CLINICAL IMPLICATIONS OF A SATISFACTORY TROUGH:PEAK RATIO
Duration of action and blood pressure variability
The first and most important aspect of a satisfactory trough:peak ratio is that the drug is appropriate for its chosen dosage interval. Any value that is less than 100% implies that there is some reduction in the magnitude of the antihypertensive effect towards the end of the dosage interval, but if the trough:peak ratio exceeds 65% this implies that the diminution in effect is not unduly pronounced in the average patient and that the drug will provide a relatively consistent effect throughout 24 h. This consistency of the antihypertensive effect not only is important for ensuring the desired reduction of blood pressure during long-term treatment but also has practical consequences for routine management. Patients typically attend for blood pressure measurement and treatment review at some time during the regular working day, and this is likely to be several hours after the time of morning dosing. Therefore, with most patients, the blood pressure assessment in the clinic is made at or around the time of peak antihypertensive response. Therefore, if the drug has a suboptimal trough:peak ratio, an apparently satisfactory measurement may conceal the fact that towards the end of the dosage interval blood pressure control is lost. Conversely, if the drug is known to have a satisfactory trough:peak ratio, then the routine blood pressure measurement will provide a reasonable index of the level of blood pressure control and the prescribing physician can therefore be reasonably confident of a consistent antihypertensive effect throughout the full 24 h in the absence of dosing-related fluctuations in blood pressure and the associated increase in blood pressure variability.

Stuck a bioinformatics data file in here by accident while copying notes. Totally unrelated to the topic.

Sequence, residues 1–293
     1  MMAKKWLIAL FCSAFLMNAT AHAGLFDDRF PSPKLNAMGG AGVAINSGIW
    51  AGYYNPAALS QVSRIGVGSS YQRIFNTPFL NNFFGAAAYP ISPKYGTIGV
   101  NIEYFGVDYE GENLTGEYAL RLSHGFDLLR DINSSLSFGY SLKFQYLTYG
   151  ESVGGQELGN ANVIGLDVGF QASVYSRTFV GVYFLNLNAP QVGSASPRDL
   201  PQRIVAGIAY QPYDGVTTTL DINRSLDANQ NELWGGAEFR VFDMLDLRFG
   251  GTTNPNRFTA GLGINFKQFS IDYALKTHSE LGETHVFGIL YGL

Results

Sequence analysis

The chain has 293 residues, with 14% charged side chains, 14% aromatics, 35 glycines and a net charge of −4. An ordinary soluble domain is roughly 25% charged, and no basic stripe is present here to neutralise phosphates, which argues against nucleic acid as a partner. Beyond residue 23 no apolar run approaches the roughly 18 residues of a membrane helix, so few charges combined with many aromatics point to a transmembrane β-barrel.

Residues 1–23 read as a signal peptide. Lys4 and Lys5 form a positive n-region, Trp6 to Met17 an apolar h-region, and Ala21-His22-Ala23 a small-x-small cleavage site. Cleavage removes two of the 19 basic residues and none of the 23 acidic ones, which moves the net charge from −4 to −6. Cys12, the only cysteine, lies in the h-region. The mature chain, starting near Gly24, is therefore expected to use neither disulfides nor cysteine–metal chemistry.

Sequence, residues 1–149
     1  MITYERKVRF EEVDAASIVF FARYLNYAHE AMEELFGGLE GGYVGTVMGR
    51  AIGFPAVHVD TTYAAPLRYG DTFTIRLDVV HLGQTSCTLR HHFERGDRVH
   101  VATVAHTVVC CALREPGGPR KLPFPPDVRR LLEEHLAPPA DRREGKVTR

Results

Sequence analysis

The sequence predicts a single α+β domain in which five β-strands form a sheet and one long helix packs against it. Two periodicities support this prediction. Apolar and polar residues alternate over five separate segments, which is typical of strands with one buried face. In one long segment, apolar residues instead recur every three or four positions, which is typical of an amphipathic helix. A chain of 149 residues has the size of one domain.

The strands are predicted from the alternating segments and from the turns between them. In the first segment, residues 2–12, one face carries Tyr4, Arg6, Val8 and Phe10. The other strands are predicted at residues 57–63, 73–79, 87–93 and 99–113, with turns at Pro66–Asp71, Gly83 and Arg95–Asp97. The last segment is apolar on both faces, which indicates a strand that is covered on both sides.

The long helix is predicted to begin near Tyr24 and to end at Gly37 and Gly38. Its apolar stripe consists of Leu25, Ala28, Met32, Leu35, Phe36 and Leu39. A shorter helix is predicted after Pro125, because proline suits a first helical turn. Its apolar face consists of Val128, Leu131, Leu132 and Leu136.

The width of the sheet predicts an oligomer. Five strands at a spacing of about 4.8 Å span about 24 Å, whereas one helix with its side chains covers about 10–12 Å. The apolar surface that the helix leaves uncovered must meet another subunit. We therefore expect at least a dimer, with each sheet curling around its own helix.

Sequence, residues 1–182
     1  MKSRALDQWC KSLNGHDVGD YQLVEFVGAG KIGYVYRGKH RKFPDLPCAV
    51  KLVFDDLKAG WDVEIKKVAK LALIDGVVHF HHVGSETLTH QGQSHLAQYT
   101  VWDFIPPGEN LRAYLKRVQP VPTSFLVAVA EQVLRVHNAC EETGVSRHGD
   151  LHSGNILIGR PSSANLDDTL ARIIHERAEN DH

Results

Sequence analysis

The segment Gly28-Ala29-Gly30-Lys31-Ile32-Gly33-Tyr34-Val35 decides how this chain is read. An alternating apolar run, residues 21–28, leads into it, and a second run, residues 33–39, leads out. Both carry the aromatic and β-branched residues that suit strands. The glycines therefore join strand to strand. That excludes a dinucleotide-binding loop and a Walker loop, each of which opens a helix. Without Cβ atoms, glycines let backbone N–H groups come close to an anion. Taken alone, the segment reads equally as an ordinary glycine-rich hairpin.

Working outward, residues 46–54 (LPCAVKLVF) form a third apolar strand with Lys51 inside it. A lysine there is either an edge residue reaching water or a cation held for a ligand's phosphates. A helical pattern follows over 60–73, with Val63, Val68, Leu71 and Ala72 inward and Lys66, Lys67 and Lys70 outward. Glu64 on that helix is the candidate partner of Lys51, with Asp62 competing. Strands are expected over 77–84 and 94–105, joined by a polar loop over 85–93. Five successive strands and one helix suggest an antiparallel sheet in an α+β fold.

Effect of dose on trough:peak ratio
The ideal antihypertensive agent should produce a consistently high trough:peak ratio over the recommended therapeutic dose range. This has not invariably been the case and, for example, a study of the angiotensin-converting enzyme (ACE) inhibitor lisinopril demonstrated that the trough:peak ratio was dose-dependent (Fig. 2A)(12). It is apparent that at the lower doses the trough:peak ratio was less than 30%, but the ratio was improved to an acceptable level of greater than 50% at relatively high doses of 20 mg or greater. This characteristic is clearly undesirable because it demands the use of higher doses simply to extend duration of action and, in addition, it also creates a potential problem in therapeutic practice. For example, at a dose of 10 mg of lisinopril once daily, the blood pressure fall in the clinic, which is measured around the time of peak response, may be entirely satisfactory and the assumption may well be made that this is a reflection of the blood pressure control throughout the 24-h period, which clearly is unlikely to be so. It should not, however, be assumed that this phenomenon will be exhibited by all drugs in a given class of antihypertensive agent and it is almost certainly a reflection of the relationship between antihypertensive effect and drug concentration/dose (13). Thus, in contrast to lisinopril, the ACE inhibitor trandolapril shows a clear dose-response relationship for both trough and peak blood pressure responses but does not exhibit dose dependence in trough:peak ratio at a range of doses below and through the therapeutic range (Fig. 2B)(14).